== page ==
My dh was a 50s baby n the things parents did then would get their kids taking away now!! When a 12/17 year old can get pg n go behind parents back n get abortions n whatever else it takes away our rights as parents... Now my kids pretty much do what they know to do but I have not had beat them down like in the ol days.. but I guess it also depends on the family too.. I have also seen parents that believe their kids are perfect behind their back they are doing all sorta things they wouldn't like...

I think its fair to say that we should all be paying close attention to our own and less to others that way its hard to look like a hypocrite... I so believe you should always parent first friend later... But this is just me...
PinkieRed
by on Jun. 24, 2012 at 1:43 PM
I agree with this, although I'm not so sure about the anxiety and depression.

Are there really "more" teens suffering from mental health issues now, or is it that we (society) is just more open about discussing such things? In generations past, problems like depression were often just ignored and swept under the rug. I think people are more open today to discussing those problems today, and to getting help for them. They don't carry as much stigma as in years past.

And if there really are more depressed and anxious teens, well, no wonder. Society has become much more complex than since most of us were kids/teens, and family and community ties are weaker. We've become a much more hyper competitive society here in the US, there's much more pressure on teens to be perfect, get the best GPAs, get into the best colleges, etc. We have high stakes standardized testing from very early grades, we tell our teens that if they don't get into a good college, they won't have any chance of success in life.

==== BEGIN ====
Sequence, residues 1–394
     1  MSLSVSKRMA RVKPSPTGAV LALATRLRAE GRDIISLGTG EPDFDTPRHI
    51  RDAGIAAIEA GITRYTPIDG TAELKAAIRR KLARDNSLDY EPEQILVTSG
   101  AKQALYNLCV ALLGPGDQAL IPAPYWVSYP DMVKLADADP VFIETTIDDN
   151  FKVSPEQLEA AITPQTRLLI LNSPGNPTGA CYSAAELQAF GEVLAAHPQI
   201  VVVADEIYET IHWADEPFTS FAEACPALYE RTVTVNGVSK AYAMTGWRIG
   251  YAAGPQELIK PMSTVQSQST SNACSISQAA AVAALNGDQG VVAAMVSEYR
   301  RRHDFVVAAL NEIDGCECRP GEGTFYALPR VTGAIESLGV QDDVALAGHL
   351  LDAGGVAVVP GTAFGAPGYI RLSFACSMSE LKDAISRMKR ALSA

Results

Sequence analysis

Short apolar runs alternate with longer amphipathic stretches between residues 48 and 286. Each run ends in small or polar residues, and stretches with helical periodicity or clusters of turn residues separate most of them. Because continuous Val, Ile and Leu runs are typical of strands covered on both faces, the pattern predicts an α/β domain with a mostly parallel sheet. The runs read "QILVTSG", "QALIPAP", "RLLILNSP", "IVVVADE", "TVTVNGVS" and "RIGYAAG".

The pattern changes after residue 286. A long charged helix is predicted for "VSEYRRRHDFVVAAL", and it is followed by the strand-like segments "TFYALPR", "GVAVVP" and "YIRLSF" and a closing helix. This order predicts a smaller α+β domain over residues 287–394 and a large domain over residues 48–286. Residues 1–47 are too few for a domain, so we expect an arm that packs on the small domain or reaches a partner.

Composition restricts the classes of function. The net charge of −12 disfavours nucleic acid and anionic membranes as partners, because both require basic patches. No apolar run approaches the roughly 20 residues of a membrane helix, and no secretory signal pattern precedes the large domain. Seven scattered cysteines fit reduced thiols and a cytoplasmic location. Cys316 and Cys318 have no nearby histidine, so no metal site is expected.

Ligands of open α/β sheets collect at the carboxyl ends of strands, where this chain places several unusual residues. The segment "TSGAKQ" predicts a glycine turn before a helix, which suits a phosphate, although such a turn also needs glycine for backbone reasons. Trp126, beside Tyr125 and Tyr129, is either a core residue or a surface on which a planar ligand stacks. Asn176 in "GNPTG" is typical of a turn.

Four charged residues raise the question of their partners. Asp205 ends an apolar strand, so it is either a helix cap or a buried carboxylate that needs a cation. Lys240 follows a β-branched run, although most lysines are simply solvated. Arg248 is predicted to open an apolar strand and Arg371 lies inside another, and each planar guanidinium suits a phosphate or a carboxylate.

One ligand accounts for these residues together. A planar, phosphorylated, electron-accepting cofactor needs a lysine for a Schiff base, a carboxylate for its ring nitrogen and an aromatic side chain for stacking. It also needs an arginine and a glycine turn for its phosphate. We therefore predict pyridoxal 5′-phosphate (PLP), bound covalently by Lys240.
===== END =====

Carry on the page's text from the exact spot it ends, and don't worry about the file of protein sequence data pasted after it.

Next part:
At the same time, people live much busier, yet insular lives. Many more people live far from family, live in neighborhoods where they don't know their neighbors, and have to have two parents in the workforce, working too many hours, just to afford a decent standard of living. We also have the unique pressures and problems that come from social media, which simply did not exist in the past. No wonder so many teens are depressed and anxious.

I know I would not want to be a teen these days. I'm glad I grew up in a time before the Internet, social media, high stakes testing, etc.


Quoting boys2men2soon:

I tell my sons' that friends will come and go throughout life.   I'm the only Mother they will ever have....and I will be here til the end.

I think a lot of parents are kinda afraid of their kids.  They don't want to make them mad or stress them out.   I sorta get it; there are many more teens with anxiety and depression than I remember from my day.  When I was a teen, most parents just said "you'll get over it"...and we did.     Nowadays, the kids end up in therapy.

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mumsy2three
by Shauna on Jun. 24, 2012 at 2:25 PM
1 mom liked this

My thoughts exactly! Mental health issues still carry a stigma with them but I think we are way ahead of where we used to be when it comes to being and accepting diagnosis that have to do with mental "illness".

Quoting PinkieRed:

I agree with this, although I'm not so sure about the anxiety and depression.